It is so important to leave space for these types of “interruptions”. I am a strong believer in the need for disciplined daily, weekly and yearly rhythms but I also know that it is often these unexpected events that shape our lives and grow our faith the most. Both of these events enable me to see all of life with more contemplative eyes, encouraging me to really look and deeply listen to all that happens around me. They create a deep gratitude within me for the many blessings God brings into my life.

How do you make space for this type of “interruption”?

Imaginative Learning or Contemplative Action.

imagination first

Tom and I have just returned from vacation, and as per usual, I took a stack of books with me, some of which I will share with you over the next few days. One is Imagination First: Unlocking the Power of Possibility by Eric Liu and Scott Noppe-Brandon. I was particularly struck by Capacities for Imaginative Learning they share. Originally designed for arts and education, the authors feel however that they are guides for life.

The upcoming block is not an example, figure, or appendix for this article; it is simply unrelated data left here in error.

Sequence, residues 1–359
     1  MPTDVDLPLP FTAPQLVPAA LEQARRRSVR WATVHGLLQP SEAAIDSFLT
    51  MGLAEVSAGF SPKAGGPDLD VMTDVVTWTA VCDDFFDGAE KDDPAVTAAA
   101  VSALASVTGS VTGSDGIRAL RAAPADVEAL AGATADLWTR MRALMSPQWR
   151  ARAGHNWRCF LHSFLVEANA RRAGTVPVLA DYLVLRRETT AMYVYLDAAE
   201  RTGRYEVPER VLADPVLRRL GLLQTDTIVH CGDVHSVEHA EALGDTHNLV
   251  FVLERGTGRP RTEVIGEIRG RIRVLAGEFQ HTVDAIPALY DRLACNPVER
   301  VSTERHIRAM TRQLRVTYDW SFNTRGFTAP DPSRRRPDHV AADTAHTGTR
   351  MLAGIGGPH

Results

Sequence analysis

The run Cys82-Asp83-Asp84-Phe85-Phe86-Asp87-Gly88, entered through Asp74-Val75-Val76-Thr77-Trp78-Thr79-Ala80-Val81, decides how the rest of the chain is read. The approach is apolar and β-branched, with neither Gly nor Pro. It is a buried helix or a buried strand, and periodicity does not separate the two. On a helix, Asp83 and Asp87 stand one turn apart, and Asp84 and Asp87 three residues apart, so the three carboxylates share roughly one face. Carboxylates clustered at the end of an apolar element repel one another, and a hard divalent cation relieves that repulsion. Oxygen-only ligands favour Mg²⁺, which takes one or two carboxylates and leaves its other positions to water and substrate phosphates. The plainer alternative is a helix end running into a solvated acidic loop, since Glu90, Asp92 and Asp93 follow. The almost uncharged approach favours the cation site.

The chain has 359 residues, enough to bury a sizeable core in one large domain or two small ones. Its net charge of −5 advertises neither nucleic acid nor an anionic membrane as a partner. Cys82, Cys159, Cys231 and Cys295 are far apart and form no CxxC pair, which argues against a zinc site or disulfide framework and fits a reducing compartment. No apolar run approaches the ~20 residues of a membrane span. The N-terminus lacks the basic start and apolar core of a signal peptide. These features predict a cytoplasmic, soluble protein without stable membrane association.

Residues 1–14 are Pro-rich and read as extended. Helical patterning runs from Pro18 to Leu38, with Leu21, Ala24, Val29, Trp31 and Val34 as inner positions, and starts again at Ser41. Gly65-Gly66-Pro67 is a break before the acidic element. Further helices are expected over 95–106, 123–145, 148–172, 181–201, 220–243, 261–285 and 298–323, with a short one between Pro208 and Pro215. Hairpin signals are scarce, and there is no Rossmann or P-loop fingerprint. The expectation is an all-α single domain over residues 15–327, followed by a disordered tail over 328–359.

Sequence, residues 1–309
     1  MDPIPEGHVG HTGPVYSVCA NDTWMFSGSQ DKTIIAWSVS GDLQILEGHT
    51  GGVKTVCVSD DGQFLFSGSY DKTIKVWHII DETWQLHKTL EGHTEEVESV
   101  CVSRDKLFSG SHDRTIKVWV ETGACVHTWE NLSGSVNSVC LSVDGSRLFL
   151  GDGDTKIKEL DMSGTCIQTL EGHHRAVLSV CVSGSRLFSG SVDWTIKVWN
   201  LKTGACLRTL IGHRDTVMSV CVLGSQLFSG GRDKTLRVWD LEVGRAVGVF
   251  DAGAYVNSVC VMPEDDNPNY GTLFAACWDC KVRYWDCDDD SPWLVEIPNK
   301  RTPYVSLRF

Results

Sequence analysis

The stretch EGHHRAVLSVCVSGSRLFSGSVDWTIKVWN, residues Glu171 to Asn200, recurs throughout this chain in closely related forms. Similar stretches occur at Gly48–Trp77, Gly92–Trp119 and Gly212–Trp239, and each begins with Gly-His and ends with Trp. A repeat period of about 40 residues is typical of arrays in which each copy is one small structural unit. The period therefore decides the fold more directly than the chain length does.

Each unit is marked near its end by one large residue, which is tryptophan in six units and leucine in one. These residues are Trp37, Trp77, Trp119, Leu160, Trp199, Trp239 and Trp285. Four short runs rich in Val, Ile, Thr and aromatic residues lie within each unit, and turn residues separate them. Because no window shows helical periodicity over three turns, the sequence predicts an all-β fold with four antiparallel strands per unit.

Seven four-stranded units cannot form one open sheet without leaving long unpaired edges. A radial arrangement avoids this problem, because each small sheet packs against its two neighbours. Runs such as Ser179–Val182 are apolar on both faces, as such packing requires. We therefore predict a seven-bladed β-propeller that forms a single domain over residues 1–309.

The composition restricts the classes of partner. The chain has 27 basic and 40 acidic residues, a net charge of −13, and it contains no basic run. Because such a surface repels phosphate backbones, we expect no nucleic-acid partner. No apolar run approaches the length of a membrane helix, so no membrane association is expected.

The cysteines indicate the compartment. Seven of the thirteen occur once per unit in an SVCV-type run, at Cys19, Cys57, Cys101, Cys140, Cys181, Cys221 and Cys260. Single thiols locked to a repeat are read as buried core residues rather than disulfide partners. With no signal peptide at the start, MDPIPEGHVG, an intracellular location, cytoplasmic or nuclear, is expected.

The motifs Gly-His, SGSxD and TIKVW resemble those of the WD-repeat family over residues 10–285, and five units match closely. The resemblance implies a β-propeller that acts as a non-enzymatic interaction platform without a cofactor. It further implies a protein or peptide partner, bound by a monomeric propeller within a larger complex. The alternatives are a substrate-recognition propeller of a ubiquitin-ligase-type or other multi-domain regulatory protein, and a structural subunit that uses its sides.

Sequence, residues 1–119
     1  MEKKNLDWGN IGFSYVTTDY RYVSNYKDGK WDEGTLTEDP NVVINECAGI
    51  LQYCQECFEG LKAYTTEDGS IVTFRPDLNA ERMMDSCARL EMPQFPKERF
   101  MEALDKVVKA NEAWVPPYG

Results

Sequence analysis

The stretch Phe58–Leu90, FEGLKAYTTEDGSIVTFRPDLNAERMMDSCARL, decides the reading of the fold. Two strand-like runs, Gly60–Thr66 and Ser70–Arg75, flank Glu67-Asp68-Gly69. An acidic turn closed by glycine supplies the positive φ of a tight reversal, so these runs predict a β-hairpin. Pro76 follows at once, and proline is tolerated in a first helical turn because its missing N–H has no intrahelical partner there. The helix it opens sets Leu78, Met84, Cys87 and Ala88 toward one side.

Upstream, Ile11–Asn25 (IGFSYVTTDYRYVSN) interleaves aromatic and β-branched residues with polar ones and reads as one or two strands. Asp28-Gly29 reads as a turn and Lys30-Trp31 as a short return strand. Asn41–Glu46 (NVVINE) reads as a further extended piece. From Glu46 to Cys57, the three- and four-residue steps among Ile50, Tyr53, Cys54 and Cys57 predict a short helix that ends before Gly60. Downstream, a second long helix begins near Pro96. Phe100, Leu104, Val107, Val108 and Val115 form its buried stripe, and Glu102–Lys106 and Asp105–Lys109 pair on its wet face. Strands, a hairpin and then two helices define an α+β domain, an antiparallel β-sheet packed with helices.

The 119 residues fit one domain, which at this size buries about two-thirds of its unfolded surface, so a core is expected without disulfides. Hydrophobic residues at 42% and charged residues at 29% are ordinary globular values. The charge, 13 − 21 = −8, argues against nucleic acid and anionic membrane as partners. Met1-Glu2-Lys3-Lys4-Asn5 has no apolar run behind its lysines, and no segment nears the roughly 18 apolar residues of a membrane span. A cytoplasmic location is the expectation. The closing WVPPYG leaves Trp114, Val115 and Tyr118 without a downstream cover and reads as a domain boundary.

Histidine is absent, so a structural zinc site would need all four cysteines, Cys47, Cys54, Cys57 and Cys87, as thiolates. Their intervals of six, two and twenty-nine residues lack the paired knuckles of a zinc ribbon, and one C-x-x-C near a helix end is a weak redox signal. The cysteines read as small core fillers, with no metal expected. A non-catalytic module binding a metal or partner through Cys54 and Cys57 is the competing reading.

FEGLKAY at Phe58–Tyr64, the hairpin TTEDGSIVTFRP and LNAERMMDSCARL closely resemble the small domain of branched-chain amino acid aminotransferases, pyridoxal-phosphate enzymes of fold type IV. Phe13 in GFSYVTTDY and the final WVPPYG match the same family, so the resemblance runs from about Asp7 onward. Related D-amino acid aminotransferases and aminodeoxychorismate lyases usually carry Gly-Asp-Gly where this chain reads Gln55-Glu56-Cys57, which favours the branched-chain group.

It is an inspirational and thought provoking book that I would recommend to anyone who wants to increase their creativity.

What struck me is how closely these “capacities for learning” parallel contemplative practices and the spiritual discernment process we have used for many years in MSA. They open our eyes and ears to new ways of interacting with the world. They help us become creative, imaginative, able to solve problems in out of the box ways. From a faith perspective they open us up to the presence of God in all things and increase our awareness of God’s involvement in all the creative processes we engage in to shape our work and daily life.  I thought you would find them interesting: